KENILWORTH – Some residents are concerned about 18 cluster townhouse units proposed in Mount Forest.
“There are too many in the area,” nearby resident Rachel Kéry said, speaking of high density housing, at a Dec. 19 public meeting.
“I’m very concerned about the change in the tone of the community from predominately, on our street, single home dwellings.”
Her sentiments were echoed by others, including Dwight Rundle, a past Wellington Street East resident, who wrote to the township: “I am also concerned about the increased density of population that an 18-unit cluster of two-storey townhouses will mean as opposed to single family dwellings.”
The development is proposed by McTrach Capital and 427 Management Service Inc. on an acre-and-a-half of vacant land at 425 and 427 King Street East, narrowly situated between two detached residences.
The grassland is currently zoned “R2,” which could accommodate four-unit street townhouses or a four-plex, but needs to be rezoned to “R3” to permit higher density housing.
Ultimately the decision to approve the rezoning of the land, and thus the future construction of the townhouses, falls to council.
At the public meeting, county senior planner Matthieu Daoust, who is assisting with township planning matters, told council the proposal meets intensification targets and land use policy.
“Our goal is not to disturb anything, not to change anything,” said Farhan Mahood, acknowledging already existing nearby residences.
Mahood and Mazz Khan, both developers, said their families would be relocating from Guelph to Mount Forest and occupying some of the units.
Khan said, “our goal is to make everything work smoothly” with neighbouring residents, and added the group would not “create a neighbourhood that we would ourselves not live in.”
Kéry’s chief concerns focused on density (each unit will have three bedrooms) but she also mentioned concerns with a loss of greenspace, light and sound pollution, the potential for trespassing on her property, and garbage collection — “a huge concern of mine” — considering collection issues with the Wellington Housing Corporation units across the road from the proposed location, at 440 King Street East.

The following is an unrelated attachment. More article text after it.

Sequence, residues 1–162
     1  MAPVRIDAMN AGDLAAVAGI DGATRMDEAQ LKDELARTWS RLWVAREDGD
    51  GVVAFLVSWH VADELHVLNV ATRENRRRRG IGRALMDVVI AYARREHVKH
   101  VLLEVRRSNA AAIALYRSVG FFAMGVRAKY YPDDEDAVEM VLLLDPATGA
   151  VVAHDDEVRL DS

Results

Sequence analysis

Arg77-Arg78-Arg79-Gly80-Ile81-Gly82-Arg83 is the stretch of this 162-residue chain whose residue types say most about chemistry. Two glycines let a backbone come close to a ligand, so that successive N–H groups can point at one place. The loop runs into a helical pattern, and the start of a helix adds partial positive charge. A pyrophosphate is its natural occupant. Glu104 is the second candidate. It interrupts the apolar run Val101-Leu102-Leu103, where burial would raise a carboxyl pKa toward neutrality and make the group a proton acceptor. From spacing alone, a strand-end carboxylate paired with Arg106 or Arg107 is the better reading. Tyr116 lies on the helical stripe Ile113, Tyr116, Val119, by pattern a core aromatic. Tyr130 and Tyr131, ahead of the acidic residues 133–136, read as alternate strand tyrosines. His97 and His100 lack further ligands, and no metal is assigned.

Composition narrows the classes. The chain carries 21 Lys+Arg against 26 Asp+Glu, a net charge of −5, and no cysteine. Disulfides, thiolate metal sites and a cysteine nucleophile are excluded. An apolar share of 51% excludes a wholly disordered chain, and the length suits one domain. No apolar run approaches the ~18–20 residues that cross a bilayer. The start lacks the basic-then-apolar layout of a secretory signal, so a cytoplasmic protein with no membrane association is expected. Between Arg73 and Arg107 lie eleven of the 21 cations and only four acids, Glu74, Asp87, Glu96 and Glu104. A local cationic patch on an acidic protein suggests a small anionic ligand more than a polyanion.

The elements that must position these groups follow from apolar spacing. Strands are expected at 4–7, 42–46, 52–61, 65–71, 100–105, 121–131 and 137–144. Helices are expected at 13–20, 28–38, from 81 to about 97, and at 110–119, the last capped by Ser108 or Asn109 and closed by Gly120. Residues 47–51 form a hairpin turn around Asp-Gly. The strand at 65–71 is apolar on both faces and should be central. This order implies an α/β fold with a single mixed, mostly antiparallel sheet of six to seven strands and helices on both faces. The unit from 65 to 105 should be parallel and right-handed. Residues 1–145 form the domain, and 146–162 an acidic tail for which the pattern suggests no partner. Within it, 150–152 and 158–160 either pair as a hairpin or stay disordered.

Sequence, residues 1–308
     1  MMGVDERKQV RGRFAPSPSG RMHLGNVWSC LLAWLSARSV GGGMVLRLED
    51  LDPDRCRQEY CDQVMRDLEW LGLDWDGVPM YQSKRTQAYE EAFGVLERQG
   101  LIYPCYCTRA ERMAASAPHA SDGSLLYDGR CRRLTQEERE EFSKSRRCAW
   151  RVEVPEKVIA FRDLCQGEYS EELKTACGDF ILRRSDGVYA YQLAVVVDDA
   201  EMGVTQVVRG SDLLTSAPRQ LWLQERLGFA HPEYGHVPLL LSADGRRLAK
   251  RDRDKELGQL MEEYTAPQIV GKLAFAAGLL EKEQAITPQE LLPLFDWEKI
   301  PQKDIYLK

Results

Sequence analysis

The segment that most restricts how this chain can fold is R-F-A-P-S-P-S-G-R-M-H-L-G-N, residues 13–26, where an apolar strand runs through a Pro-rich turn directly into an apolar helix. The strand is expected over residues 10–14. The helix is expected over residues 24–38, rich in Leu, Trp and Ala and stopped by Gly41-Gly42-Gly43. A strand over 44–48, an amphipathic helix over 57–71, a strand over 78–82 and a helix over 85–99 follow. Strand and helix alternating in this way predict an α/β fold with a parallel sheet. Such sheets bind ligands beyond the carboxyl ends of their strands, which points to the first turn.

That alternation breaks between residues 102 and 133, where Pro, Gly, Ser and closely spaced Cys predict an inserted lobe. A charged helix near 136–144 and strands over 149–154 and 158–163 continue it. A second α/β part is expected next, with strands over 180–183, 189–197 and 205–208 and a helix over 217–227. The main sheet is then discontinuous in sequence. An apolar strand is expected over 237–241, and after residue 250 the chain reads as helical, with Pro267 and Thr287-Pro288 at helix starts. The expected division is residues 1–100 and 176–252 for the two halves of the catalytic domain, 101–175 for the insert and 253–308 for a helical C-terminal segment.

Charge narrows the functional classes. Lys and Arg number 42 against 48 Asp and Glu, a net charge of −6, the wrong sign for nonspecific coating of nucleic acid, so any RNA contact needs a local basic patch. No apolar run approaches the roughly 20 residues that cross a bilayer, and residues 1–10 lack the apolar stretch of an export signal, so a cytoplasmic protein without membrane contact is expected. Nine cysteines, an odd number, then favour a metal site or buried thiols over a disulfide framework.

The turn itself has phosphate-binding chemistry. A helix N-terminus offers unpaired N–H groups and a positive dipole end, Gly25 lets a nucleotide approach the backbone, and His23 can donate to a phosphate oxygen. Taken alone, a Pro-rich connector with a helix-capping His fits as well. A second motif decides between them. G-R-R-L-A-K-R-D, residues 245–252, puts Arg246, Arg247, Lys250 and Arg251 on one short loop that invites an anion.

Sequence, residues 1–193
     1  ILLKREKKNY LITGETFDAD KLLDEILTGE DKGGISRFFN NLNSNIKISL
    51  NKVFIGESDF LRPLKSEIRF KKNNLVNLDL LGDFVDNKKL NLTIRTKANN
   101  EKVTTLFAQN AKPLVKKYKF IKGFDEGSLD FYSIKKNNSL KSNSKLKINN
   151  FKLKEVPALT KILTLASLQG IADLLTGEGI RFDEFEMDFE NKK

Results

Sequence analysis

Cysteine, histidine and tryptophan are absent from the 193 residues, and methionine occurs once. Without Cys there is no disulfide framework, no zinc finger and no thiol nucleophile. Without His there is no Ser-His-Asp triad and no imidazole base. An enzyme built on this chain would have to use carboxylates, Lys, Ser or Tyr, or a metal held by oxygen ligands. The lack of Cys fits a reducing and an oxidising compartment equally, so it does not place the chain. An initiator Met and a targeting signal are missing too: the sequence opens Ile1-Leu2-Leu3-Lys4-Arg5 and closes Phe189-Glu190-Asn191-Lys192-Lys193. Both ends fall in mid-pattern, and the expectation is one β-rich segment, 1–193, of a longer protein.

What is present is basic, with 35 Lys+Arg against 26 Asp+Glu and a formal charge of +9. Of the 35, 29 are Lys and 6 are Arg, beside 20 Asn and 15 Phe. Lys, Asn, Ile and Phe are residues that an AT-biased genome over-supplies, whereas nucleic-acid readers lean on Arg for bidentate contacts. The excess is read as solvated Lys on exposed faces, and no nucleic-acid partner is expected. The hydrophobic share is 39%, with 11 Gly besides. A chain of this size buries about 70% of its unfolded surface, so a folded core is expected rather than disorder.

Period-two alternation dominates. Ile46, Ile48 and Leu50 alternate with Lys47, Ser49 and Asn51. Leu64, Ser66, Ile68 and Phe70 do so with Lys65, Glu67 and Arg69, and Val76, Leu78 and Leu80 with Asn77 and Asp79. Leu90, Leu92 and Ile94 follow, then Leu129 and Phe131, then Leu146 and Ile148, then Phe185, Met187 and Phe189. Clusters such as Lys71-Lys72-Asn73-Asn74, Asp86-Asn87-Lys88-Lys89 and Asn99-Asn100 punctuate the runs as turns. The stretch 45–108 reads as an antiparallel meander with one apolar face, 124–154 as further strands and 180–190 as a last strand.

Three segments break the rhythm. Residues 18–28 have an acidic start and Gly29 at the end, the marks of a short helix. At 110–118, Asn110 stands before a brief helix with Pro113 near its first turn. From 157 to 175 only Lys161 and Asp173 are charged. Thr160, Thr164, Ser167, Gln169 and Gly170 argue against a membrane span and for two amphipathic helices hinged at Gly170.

Khan responded, in part, that their goal is to create a property addressing all of Kéry’s concerns and noted garbage pickup would be done by a private service, not the county. Mahood said though he can grasp the issues, “there is a big housing crisis” their proposal could help address.
Barry Gingrich, who lives immediately next to the property on the west side, also aired numerous concerns at the public meeting.
“What the hell is going on?” he said rhetorically with a raised voice.
His concerns are primarily with privacy, setbacks, drainage and the removal of decades-old trees.
“You are affecting the sale price of my house, my property, when you do this,” Gingrich said.
“We already have across the road all the welfarians, I’m sorry,” he added, referring to the Wellington Housing Corporation property.
Khan offered to meet directly with Gingrich to talk more, explaining that he and Mahood are already working with a neighbour immediately to the east, and said a site plan application would address most of his concerns.
Tree removal, Khan said, is “a tricky one” but he noted the intention is not to remove any trees, calling them “majestic.”
Councillors Penny Renken and Sherry Burke asked about parking spaces (three per unit) and adjusting the location of the property entrance so as to not add to congestion from the Wellington Housing Corporation laneway.
H.D. Kéry, who identified himself as Rachel’s son, living at the same address, said the discussion seemed to focus heavily on the legality of the proposal, without considering desires of current land and home owners.
“I get the impression that … as neighbours we can say as much as we want and ultimately we’ll just get a ‘too bad, it’s happening anyways,’” the man said, questioning what leverage they had.
Rachel added, “I hear people using the words ‘when’ instead of ‘if’ so I just want to clarify: Is this already for sure happening or are you all going to still talk about it and consider the things that we said today?”
“There will be further refinements and revisions [that] come back to council before this is approved,” Mayor Andy Lennox responded.
“This is exactly the right time for dialogue.”
“Ultimately, council will have to decided whether they approve this or not, I’m not sure how else to address your question.”
Planning staff will consider feedback and return with a bylaw to approve the zoning amendment for a council vote. Next would be the site plan approval process.
“This is the start of the process; lots of work yet to do,” chief building official Darren Jones said at the meeting.
The public meeting is the only proactively public portion of the process.
Members of the public can delegate to council when it comes to the bylaw, but should council approve it, the rest happens at an internal staff level.
When the bylaw returns to council depends on when the developers return to the township with updated plans incorporating public meeting comments.